- The Washington Times - Tuesday, June 9, 2015

The investigators who exposed big holes in the nation’s airport screening weren’t specialized, highly trained “red teams,” but rather were normal auditors, the inspector general who led the probe said Tuesday, undercutting Homeland Security’s explanation for how 96 percent of contraband got through in a recent test.

John Roth, the inspector general who oversees the Transportation Security Administration, also said he fears the agency’s leaders don’t have a good grasp of the terrorist threats that they face and the vulnerabilities they already have.

“Do they truly understand the nature of risks that they face? Candidly, I worry about that,” Mr. Roth told Sen. Ben Sasse, Nebraska Republican, during a hearing of the Homeland Security and Governmental Affairs Committee.

Mr. Roth is in the middle of an investigation into TSA screening, and reportedly found that officers failed 67 of the 70 field tests run to see if they could stop contraband weapons or simulated explosives snuck through their lines.

Homeland Security officials had downplayed the poor results, implying the inspector general’s investigators were trained in circumventing security, and so the field tests weren’t real-life conditions.

Mr. Roth, however, contradicted that explanation.

“The testers we used are auditors — these are members of the OIG workforce. They don’t have any specialized background or training in this kind of work,” the inspector general said.

Mr. Sasse, who has received a classified briefing on the situation, said Americans should be troubled by what they don’t know, and said Homeland Security officials were trying to spin the bad news rather than confront the serious problem they face.

“The administration has an obligation to responsibly declassify the inspector general’s investigation and to publicly release everything else it knows about TSA’s failures,” Mr. Sasse said.

Mr. Roth also said the TSA is still working to close what it described as a security gap that allowed 73 people to obtain federal approval to work in secure areas at airports despite having unspecified connections to terrorism.

“To the extent that there was a vulnerability, I believe it has been closed,” Mr. Roth said.

But Mr. Roth didn’t say whether those workers have been fired or whether their access to secure areas has been revoked. The workers would have been employed by airlines, airport authorities or airport vendors.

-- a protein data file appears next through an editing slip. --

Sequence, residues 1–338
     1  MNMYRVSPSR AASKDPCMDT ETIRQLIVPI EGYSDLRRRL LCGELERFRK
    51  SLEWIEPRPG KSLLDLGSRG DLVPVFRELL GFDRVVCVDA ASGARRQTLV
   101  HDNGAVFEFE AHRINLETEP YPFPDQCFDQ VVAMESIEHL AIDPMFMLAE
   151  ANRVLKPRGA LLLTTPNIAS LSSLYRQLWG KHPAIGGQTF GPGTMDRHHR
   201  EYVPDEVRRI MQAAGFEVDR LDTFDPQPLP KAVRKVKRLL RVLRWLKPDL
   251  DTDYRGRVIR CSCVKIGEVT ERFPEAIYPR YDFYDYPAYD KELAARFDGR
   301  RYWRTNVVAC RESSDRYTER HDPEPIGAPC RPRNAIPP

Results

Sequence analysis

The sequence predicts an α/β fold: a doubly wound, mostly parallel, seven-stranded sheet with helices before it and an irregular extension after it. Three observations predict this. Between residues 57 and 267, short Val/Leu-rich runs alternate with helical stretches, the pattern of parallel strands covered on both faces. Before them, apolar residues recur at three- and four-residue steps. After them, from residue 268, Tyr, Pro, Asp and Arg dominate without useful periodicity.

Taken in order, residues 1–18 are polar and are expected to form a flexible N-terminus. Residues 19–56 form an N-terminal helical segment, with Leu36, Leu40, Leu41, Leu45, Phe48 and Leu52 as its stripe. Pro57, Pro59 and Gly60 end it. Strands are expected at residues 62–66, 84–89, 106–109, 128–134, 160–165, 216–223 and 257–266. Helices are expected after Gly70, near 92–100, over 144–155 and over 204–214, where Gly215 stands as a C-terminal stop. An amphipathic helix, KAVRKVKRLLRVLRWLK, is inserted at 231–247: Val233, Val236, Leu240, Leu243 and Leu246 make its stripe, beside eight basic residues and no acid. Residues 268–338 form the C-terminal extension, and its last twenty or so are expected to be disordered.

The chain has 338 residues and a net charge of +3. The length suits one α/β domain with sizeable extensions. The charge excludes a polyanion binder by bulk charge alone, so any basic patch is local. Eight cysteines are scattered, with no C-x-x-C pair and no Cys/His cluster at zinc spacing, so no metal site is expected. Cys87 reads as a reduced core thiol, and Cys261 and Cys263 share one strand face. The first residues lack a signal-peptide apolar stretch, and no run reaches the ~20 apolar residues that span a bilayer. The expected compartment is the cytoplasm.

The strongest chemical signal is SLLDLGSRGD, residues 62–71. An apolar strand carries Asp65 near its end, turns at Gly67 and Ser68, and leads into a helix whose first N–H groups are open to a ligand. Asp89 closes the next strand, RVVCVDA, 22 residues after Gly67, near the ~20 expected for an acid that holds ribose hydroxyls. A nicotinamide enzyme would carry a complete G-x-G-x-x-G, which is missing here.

Mr. Roth said his investigators found that 73 job applicants for airport jobs had terrorism-related activity codes associated with their names in a government terrorism database maintained by the National Counterterrorism Center, part of the Office of the Director of National Intelligence. Mr. Roth said the TSA still does not have access to that information but asked for it last year.

“It’s a process that apparently is taking some time,” Mr. Roth told Sen. Joni Ernst, Iowa Republican. “So it isn’t quite there yet, but I think they’re moving quickly on it.”

Mr. Roth said TSA was provided the 73 names, and he believed the agency was “following up on each of those.”

The security gap was disclosed in a report Mr. Roth released last week. In an unclassified version of that report, TSA acknowledged that would-be employees whose backgrounds included some undisclosed terrorism-related category codes would be considered “a potential transportation security threat.”

TSA has been under fire from lawmakers since last week, when it was revealed that auditors from Mr. Roth’s office were able to sneak mock explosives, weapons and other prohibited items past security screeners at airport checkpoints.

In the wake of that disclosure, Homeland Security Secretary Jeh Johnson reassigned the acting TSA administrator, Melvin Carraway, to another job within the department. Acting Deputy Director Mark Hatfield was selected to lead the agency on an interim basis.

• This story is based in part on wire service dispatches.

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